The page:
HB patients are difficult to manage because of lack of optimized treatment (1,8), and clinical course is the only reliable evidence in disease control (1,3,9).Our treatment was conservative, including 15 months of antimicrobial therapy and repeated HUS drainages. We continued treatment despite worsening radiological findings (including onset of cholecystitis and deep vein thrombosis) on the basis of early favorable clinical course and patient compliance (1–3,8,9). We monitored the improvement of radiological lesions using positron emission tomography–computed tomography and magnetic resonance imaging, both of which are sensitive for diagnosis although not assessed for monitoring, for 15 months after treatment. Few studies have described the radiological evolution over time in complicated cases (1–3,5,8), but persistence of calcifications is usual in HB (2,3,9).
Administration of doxycycline plus rifampin, an aminoglycoside, or both is currently recommended for brucellosis (1–3); choice and duration of treatment must be individualized to the patient’s symptomatology and treatment tolerability (1–3,8,9) and the involved tissues (2,8). Surgical resection and percutaneous drainage of the abscess are both reported as effective adjunctive therapy, with surgery indicated when evacuation of pus is ineffective or clinical symptoms persist despite drainage (1–3,5,6). A short course of an aminoglycoside could have been added at the time of radiological diagnosis of complications, as reported in other focal brucellosis with poor clinical evolution (2,8,9), in which a prolonged regimen (6–52 weeks) is also described (3,8,9). As of January 2019, after 2.5 years of treatment and follow-up care, our patient is considered cured. Relapses mainly occur within a few months of treatment completion but may occasionally occur later (2,5).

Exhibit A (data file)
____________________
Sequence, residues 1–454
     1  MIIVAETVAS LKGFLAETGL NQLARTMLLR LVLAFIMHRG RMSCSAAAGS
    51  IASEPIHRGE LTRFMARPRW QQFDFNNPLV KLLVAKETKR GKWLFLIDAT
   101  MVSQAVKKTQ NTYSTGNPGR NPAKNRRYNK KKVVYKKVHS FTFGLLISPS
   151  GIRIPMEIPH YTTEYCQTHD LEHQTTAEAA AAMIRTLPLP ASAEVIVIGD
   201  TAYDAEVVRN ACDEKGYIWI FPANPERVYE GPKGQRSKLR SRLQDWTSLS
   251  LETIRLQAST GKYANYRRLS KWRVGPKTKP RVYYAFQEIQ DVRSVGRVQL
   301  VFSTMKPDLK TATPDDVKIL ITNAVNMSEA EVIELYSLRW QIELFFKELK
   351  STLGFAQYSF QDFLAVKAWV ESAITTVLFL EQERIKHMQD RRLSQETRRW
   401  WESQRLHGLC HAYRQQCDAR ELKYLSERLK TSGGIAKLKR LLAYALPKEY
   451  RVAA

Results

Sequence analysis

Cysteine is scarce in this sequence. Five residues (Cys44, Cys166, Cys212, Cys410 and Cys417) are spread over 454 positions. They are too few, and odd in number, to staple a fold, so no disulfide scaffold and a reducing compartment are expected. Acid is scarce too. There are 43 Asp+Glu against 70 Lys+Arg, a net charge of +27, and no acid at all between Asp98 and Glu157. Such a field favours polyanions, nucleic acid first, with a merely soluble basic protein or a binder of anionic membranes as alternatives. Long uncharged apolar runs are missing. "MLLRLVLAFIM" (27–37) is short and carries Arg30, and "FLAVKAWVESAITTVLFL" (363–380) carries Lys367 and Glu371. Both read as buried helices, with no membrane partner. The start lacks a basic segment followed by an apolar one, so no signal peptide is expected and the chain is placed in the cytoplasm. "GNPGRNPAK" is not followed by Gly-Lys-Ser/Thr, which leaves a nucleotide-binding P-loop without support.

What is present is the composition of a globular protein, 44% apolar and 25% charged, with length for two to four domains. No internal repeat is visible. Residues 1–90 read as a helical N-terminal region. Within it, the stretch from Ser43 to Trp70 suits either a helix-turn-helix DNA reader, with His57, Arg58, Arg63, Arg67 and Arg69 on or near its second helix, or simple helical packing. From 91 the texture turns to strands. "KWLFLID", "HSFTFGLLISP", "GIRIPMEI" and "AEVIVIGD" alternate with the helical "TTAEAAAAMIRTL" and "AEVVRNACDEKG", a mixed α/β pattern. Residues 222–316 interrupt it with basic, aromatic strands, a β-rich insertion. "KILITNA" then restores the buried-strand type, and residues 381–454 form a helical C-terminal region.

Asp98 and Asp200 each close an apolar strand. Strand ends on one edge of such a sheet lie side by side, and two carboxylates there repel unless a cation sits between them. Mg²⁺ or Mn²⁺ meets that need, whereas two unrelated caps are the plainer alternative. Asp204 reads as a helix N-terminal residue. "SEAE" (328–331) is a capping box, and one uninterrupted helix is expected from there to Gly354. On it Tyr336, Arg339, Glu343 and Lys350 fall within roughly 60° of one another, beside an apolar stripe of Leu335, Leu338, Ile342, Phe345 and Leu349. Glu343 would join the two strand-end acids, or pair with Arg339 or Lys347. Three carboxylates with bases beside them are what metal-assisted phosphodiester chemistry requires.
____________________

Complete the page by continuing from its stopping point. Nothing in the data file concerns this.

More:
Any patient with characteristic liver abscess after traveling in brucellosis-endemic areas should undergo serologic testing for a presumptive diagnosis, and PCR testing of abscess fluid or hepatic tissue for confirmation of brucelloma. A conservative treatment combining long-term antimicrobial therapy and repeated HUS drainage may be effective. Long-term clinical comprehensive follow-up is required.
Dr. Amsilli is an infectious and tropical diseases physician. Her research interests are emerging infectious diseases and medicine quality.
We thank Linda Northrup for English editing. We thank the patient for consenting to publication of her clinical data.
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Original Publication Date: March 26, 2019
Table of Contents – Volume 25, Number 5—May 2019
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Marie Amsilli, Centre Hospitalier Universitaire Grenoble Alpes—Service de Maladies Infectieuses, BP 217, Grenoble 38043, France